BB 3140 Notes for Chapters 11 and 12

BB 3140 Notes for Chapters 11 and 12 - BB 3140 Notes for...

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BB 3140 Notes for Chapters 11 and 12 Natural selection is the process that accounts for adaptation in evolution. Adaptations, loosely speaking, are character states that enhance survival or reproductive success, relative to alternative character states (most commonly the ancestral character states) Examples: Fig. 11.1 snake jaws. A straightforward example of a complex adaptation Fig. 11.2 pseudocopulatory orchids Fig. 11.3 sexual suicide in spiders. Benefits reproductive success but NOT males who are eaten. Fig. 11.4 weaver ants—complex nest-building behavior involving workers Benefits the reproductive success of the colony’s queen, not the workers or the larvae Adaptations are complex and have the appearance of design However, evolutionary biology does not include the idea of “intelligent design”, that an unknown intelligence designed complex adaptations. Instead, evolution is a scientific theory that relies on the idea that organisms that are more fit replace those that are less fit. Evolution is not teleological (direct towards a goal such as improvement or perfection) Teleological statement: “Birds have wings because they need to fly” Non-teleological statement: “Birds can fly because they have wings” Evolution relies on the idea that living things follow an algorithm—a series of instructions encoded in DNA, that controls biological processes. Definition of Natural Selection:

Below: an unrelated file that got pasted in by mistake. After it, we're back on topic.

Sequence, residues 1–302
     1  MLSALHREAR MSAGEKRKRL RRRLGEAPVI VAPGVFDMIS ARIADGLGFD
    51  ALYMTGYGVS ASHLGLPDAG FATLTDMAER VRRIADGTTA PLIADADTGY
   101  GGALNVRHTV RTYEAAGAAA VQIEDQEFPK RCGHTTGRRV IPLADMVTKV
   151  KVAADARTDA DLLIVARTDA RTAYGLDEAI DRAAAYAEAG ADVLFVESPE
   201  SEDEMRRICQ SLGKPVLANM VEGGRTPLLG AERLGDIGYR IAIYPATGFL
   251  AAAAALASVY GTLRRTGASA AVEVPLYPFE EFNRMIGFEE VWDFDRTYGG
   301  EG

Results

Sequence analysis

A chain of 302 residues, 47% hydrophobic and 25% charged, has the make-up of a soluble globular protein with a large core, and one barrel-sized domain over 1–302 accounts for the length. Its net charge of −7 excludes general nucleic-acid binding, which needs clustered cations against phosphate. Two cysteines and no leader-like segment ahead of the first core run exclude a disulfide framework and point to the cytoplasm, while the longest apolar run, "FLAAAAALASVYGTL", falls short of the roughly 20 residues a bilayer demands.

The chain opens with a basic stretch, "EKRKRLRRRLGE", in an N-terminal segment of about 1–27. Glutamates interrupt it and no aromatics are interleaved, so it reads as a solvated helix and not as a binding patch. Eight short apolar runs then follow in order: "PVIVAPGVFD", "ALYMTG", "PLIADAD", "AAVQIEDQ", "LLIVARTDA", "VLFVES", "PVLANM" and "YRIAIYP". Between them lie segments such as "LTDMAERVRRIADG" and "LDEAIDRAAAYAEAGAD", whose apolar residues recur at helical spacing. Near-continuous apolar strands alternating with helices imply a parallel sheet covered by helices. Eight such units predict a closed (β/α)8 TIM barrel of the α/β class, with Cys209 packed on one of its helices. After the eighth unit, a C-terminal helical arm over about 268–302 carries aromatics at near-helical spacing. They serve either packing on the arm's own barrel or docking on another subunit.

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This note was uploaded on 09/01/2010 for the course BB 10294 taught by Professor Politz during the Spring '10 term at WPI.

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BB 3140 Notes for Chapters 11 and 12 - BB 3140 Notes for...

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